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New Blog Series: Film Production Gear

by on Jun.11, 2012, under Gear

On a film set, the most useful tools are often the simplest.

I’m launching a new series of blog posts on to talk about film gear.  There are tons of great sites on the Internet dedicated to the latest new camera or other filmmaking gizmos, but I haven’t found any that talk about the real gear that filmmakers work with every day.  Cameras are advancing in technology every moment, it seems.  C-stands and gel frames, not so much.  But these more common, less flashy tools of the filmmaking trade are often crucial to allowing a film crew achieve the look a director or cinematographer is after in a way that is efficient, reproducible, and safe.  In this new film gear series I’ll talk about a lot of the basic tools of the trade—things that I use regularly to make my shoots go better.

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Film Gear: Clamps

by on Jun.08, 2012, under Gear

Looks like you’ve got Clamps.

Clamps are often the silent heroes of the grip department.  Sure, a C-stand can hold up anything, as long as you have enough of them, and room to set one up on the floor.  But what about when you can’t put anything on the floor because you want to do a 360 pan around.  Or maybe you need to hang a light from a rail.  Who ya gonna call?

Clamps are champs

I generally don’t like buying a lot of gear.  It’s expensive and heavy to haul around, and small stuff can sometimes walk away on a big set.  So when I add something to my kit, it’s almost always because I was on a shoot where that item was either missing—and sorely missed at that, or the item was there and saved the day.  The fact that I have several types of clamps should indicate just how often the right one can save your keister.

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DIVERGENCE Season One First Look Video

by on May.30, 2012, under Internet Television, Projects

YouTube Preview Image

For all the readers out there who just can’t get enough of Douglas Horn by reading the blog, now you can watch me talk too!  DIVERGENCE is the first independent series from my company Popular Uprising.  This is a promo for Season One.

You can see more at

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Dear Filmmakers: Please Stop Doing It All by Yourselves

by on May.25, 2012, under Filmmaking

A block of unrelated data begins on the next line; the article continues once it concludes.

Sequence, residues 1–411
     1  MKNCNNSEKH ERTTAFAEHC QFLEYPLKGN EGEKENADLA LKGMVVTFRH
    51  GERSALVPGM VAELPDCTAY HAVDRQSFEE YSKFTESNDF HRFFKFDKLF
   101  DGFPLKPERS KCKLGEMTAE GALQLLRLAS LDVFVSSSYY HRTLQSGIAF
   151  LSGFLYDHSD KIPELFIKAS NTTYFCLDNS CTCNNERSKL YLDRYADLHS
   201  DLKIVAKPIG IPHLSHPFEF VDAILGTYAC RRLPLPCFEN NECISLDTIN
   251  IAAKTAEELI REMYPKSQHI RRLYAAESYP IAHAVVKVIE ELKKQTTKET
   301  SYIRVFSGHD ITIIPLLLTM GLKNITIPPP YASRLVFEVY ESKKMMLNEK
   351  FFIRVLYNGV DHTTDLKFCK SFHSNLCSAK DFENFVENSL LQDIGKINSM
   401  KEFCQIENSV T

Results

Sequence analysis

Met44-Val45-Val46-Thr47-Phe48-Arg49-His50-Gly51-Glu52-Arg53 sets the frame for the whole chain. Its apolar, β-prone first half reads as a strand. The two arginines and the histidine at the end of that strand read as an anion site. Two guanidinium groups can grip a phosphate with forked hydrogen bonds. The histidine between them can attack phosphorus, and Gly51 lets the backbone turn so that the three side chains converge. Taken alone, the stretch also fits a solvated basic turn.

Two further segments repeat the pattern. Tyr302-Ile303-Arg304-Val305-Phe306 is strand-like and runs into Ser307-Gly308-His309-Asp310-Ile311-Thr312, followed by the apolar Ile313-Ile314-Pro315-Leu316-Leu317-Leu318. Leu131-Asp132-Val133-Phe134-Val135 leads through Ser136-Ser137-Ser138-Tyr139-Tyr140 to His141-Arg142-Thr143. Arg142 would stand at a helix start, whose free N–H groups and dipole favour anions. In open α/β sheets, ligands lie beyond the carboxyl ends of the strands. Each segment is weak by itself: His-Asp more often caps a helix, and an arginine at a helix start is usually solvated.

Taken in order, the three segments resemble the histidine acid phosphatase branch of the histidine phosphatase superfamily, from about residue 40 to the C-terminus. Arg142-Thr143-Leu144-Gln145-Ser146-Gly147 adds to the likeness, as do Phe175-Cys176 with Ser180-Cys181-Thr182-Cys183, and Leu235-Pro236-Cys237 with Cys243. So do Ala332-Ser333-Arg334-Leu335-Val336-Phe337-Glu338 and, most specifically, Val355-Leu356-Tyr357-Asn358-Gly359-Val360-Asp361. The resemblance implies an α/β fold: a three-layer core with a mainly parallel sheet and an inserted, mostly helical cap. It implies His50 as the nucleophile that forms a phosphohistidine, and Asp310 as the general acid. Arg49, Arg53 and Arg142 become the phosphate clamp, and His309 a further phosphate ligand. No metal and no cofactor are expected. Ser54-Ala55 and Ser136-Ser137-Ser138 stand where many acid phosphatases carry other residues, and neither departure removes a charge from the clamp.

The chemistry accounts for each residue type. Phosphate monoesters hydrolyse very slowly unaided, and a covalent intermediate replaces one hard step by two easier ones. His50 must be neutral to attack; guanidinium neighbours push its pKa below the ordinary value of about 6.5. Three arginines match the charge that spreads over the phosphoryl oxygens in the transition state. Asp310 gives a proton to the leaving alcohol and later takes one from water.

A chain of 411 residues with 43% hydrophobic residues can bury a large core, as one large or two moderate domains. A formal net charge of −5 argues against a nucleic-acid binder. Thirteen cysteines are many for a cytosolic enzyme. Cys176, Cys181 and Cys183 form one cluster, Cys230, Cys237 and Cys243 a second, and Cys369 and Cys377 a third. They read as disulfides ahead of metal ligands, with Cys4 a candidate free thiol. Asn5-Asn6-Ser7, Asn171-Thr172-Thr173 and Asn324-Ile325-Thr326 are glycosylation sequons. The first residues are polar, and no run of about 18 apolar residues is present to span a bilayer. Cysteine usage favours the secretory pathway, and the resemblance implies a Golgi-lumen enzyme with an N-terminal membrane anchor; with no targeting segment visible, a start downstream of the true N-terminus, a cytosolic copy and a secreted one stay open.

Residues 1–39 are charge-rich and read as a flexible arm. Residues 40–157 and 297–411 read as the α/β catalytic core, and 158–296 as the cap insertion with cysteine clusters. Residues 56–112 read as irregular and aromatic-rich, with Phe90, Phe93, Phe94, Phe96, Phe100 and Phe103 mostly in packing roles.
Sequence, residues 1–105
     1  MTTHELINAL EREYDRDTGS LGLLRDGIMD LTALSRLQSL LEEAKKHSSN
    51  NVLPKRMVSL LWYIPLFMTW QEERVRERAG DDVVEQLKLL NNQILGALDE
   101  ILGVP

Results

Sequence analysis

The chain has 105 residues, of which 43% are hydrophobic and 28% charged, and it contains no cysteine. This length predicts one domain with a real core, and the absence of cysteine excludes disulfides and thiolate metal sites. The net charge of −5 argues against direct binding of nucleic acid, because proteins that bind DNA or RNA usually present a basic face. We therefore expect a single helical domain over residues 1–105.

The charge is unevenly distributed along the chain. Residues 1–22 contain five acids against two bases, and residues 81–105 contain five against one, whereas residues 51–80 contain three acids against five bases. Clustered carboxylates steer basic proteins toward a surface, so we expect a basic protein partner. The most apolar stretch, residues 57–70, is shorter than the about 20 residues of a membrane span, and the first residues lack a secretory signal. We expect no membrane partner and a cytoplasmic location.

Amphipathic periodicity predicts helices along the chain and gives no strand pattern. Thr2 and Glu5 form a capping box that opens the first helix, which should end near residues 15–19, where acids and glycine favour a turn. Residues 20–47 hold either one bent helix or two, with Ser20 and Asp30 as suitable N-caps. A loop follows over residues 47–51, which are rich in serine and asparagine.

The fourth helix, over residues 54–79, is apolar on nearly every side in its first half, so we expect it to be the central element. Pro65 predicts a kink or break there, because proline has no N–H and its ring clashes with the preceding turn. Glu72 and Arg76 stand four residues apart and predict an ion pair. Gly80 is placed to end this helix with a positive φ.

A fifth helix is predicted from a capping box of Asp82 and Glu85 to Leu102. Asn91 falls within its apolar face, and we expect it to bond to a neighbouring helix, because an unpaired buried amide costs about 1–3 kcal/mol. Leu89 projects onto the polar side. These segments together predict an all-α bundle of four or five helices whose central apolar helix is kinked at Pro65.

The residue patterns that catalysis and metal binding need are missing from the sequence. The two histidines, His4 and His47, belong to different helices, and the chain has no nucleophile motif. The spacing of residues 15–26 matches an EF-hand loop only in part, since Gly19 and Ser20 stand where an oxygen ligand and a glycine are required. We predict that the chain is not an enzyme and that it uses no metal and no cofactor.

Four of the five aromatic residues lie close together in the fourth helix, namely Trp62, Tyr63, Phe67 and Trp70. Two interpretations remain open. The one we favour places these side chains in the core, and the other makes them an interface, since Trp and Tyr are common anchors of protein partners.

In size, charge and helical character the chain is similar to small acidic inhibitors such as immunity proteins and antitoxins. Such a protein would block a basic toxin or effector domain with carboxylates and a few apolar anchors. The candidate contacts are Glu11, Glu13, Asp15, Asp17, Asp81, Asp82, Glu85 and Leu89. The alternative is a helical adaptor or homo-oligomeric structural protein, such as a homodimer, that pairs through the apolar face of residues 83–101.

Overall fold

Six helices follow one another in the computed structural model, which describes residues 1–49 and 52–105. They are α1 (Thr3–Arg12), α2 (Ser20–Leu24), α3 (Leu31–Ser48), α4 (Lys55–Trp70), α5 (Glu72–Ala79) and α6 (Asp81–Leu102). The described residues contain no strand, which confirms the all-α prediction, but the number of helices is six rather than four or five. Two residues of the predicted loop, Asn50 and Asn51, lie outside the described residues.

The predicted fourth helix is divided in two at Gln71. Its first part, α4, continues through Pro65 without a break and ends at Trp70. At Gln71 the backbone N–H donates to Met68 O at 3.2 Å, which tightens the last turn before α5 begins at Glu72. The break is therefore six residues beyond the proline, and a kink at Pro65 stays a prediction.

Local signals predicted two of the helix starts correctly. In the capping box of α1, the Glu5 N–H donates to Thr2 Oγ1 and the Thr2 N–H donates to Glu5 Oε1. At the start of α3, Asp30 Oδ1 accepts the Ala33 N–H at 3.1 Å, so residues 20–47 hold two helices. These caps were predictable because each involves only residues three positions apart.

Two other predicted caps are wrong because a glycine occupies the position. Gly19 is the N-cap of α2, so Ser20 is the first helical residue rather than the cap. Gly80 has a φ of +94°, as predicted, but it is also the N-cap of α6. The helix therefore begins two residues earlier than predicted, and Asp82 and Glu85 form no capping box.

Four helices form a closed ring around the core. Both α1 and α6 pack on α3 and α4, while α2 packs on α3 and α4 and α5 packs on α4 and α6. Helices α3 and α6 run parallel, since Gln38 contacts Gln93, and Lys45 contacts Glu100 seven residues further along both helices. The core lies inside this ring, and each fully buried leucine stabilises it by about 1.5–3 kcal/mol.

Seriously, now!

I have a confession to make.  Too often, I’m doing it all by myself. I’m here to tell you, it’s much better with a partner. Or even a big group. You can try more stuff that way, do it more often, and have a lot more fun.

I’m talking about filmmaking, of course.

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Film Festivals and Online Distribution

by on May.22, 2012, under Distribution, Filmmaking, Internet Television

There's nothing like a film festival Q&A in front of thousands of people with some very good friends.

It’s no secret, I strongly believe that independent series are the sweet spot for filmmakers/visual storytellers/narrative creatives—pick your moniker.  But it’s May in Seattle and that means it’s time for the biggest little film festival in America to kick off again—the Seattle International Film Festival.  I have a long history with SIFF—My short Full Disclosure won the Golden Space Needle Award in 2006, I was on the Short Film Jury in 2008.  This year I’m back with two films—I wrote the original screenplay for Ira Finkelstein’s Christmas, which is playing in the festival and Coffee & Pie, a short film I directed with Amy Seimetz and Sophia Takal is playing as well.  I’m also speaking on a panel about short films—which just proves that the minute to publicly proclaim your lack of interest in something, you’ll be asked to speak about it!

I don’t want anyone to take my excitement about independent series as a disdain for independent films.  I think series are the better option for the future, but features (and even shorts) are a great form of entertainment and artistic expression and are the right format for certain stories.  I have attended film festivals for over a decade and I’ve made a lot of great friends on the film festival circuit—filmmakers and curators/programmers who I really admire and enjoying knowing.  When I think about my focus on independent series, I get a little lump in my throat knowing that I may be removing myself from the film festival world to some extent.  The logical part of my brain knows I’m making the best decision, but at the emotional level, it’s hard to distance myself from participating in something that I’ve enjoyed so much for so long.

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